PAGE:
A diplomatic case

A diplomatic case

Just when you think the worst may be over and the bishops have finally gotten it, something pops up to prove you wrong. Case in point: the Vatican has consistently elevated a priest in the diplomatic corps that many high-ranking officials knew had sexually abused a girl. Someone from the Archdiocese of Cincinnati twice warned Bishop James Harvey, an American who heads the papal household, about Msgr. Daniel Pater, but Harvey says although he did know there was a problem, he didn’t know the details. Perhaps he had an obligation find out the details after he found out there was a problem.

Pater was accused of abusing a young girl who had suffered the loss of her brother and even after he was shuffled off to the diplomatic corps in the early 1980s, the abuse ocntinued. In 1995, there was a settlement of a lawsuit with the victim. But despite last year’s one-strike-you’re-out policy and the Pope’s famous words that there is no place in the priesthood for someone who would abuse a child, and despite several warnings to the Vatican, Pater remained in his post until the story broke recently.

Despite Archbishop Daniel Pilarczyk’s comforting words back in 1992 that one case “of sa priest sexually abusing a child is one too many,” it didn’t seem to be that way for the victim. Pater was coddled and allowed to continue his diplomatic career.

While I would agree with Bishop Harvey that Pater’s job as a diplomat did not place him in regular contact with children as part of his ministry, it was still scandalous, and at the very least someone at the Vatican last year should have said, “Do we have any of these guys working here? Let’s get them out.”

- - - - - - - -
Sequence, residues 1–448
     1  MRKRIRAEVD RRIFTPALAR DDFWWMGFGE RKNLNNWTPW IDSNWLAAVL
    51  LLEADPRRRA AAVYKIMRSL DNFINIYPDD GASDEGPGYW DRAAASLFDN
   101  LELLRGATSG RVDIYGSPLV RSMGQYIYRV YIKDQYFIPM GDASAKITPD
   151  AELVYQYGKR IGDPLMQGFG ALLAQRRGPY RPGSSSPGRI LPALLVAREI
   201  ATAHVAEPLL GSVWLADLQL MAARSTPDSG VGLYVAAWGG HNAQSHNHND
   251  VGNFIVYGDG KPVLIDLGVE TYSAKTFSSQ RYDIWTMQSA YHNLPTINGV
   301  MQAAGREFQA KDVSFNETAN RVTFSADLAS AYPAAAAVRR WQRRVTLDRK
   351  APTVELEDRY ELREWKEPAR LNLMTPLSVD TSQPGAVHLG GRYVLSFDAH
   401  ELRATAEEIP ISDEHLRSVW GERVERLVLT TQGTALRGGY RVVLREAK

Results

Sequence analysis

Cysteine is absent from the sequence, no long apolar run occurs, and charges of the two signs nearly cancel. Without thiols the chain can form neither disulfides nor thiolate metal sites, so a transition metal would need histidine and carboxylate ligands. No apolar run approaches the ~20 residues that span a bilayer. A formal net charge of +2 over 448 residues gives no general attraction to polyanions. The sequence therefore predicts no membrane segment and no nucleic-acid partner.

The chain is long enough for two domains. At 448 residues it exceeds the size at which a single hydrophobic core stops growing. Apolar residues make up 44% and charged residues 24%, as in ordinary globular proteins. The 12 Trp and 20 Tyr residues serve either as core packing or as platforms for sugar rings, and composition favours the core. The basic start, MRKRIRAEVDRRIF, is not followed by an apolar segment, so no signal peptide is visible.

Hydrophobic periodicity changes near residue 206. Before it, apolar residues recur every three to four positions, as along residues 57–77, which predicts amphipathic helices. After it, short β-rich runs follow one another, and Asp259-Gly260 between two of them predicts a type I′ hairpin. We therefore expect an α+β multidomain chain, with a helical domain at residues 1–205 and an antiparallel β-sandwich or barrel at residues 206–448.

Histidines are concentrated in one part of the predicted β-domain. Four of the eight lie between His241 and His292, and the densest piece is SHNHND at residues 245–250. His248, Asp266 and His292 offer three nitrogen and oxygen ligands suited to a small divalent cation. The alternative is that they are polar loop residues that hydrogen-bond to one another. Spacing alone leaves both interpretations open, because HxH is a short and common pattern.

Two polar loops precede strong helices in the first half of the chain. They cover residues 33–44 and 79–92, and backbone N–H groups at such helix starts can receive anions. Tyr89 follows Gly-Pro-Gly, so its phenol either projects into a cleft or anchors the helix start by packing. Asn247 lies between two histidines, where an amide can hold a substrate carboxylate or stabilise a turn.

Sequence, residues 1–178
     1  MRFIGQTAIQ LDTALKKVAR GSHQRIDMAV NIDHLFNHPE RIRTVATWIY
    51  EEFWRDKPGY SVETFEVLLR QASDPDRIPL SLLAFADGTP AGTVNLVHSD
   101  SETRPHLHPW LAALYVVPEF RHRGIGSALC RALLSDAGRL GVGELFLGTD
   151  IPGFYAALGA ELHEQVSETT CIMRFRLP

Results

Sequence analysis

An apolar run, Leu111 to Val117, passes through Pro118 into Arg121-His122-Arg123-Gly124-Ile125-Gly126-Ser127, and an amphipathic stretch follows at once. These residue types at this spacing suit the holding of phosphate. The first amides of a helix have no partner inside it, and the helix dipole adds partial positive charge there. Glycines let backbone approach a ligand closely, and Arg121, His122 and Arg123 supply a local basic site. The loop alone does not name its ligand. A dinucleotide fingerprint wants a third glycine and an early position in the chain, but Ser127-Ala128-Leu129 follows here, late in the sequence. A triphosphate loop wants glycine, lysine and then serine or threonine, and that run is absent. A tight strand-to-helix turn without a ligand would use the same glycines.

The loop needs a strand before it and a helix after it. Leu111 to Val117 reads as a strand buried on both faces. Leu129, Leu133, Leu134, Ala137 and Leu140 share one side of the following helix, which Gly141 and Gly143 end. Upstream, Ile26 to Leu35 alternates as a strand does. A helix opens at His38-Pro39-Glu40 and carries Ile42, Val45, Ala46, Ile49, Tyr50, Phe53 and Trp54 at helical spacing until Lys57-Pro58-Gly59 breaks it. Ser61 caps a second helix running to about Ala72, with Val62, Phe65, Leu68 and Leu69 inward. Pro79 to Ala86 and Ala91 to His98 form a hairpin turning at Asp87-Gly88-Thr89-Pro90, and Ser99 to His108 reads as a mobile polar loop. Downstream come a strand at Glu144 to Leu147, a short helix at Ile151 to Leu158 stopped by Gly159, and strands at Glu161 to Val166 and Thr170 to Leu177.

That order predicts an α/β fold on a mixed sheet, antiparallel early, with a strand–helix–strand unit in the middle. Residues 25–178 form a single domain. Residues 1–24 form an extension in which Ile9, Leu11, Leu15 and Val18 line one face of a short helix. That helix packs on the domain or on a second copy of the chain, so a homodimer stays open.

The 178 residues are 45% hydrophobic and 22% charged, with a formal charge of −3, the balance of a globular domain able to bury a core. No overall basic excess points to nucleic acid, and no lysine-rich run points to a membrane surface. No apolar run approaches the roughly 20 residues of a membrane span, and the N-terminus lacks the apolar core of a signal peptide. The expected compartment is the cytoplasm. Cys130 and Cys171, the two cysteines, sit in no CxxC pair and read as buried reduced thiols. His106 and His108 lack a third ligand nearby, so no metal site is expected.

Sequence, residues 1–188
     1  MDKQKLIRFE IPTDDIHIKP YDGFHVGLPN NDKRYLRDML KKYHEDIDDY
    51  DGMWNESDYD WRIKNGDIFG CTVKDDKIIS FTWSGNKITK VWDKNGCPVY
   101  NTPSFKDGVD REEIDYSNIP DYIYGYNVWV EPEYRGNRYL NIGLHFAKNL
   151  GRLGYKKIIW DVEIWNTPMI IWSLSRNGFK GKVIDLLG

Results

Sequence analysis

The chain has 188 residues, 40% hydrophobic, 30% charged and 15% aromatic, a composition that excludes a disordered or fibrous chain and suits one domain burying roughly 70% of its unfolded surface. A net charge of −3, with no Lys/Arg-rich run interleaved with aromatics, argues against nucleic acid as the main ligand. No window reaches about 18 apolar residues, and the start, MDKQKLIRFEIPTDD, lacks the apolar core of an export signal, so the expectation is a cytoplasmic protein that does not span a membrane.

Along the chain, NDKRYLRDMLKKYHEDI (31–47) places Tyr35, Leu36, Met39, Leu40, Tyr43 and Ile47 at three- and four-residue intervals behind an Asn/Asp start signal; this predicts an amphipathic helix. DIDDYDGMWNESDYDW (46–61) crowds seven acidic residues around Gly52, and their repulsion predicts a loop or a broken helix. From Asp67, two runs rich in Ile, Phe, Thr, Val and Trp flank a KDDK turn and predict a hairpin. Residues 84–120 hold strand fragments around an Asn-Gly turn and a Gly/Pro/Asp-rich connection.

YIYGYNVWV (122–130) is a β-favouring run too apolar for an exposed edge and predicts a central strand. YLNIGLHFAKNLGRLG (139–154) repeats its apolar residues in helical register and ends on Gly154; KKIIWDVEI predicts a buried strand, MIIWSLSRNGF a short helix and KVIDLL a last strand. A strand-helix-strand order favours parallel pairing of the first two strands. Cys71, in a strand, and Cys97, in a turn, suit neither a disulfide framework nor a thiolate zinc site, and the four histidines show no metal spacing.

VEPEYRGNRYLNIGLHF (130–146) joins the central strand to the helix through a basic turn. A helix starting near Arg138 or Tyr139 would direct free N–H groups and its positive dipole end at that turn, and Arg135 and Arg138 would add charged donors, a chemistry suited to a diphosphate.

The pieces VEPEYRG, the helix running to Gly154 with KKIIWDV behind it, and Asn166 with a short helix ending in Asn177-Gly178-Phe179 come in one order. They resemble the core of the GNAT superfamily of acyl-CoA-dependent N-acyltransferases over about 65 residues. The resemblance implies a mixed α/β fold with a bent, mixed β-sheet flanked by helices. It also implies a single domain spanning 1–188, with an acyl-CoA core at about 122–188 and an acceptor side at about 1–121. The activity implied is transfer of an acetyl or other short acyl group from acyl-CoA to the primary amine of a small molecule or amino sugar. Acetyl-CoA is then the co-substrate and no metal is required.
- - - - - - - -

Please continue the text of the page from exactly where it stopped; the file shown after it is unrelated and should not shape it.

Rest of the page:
The victim said that despite her misgivings about people in the Cincinnati archdiocese, she still had faith in the Vatican, by which I presume she means the Pope. But now she’s not sure.

Unless Rome gets tough(er) on this whole topic, more and more people will begin to conclude that it isn’t just the Us bishops that are the problem, but that it goes deeper and higher. And that the Scandal isn’t over yet.

  • The problem’s tentacles reach into lots of corners, but it seems to me the monster’s lair is in the bureaucracy of the Vatican. If ever an institution needed real reform, an airing out, it’s that place. ‘Pit’ and ‘black hole’ are the ready metaphors. It’s an institution that has no clear place in the collegial hierarchy, but that has grown, tumor-like, since Vatican I. In some things, it’s useful, but in most, it’s not.

  • RC,

    I think the Milingo case is a little different from the other cases. He publicly recanted in the presence of the Pope and spent a year in a monastic retreat under the direction of the secretary of the Congregation for the Doctrine of the Faith. And now he’s in a position, not of public preaching, but of minor service to the Church. And most importantly, his wasn’t a case of sexual abuse.

    I think that in many matters, the harshest penalties are not required.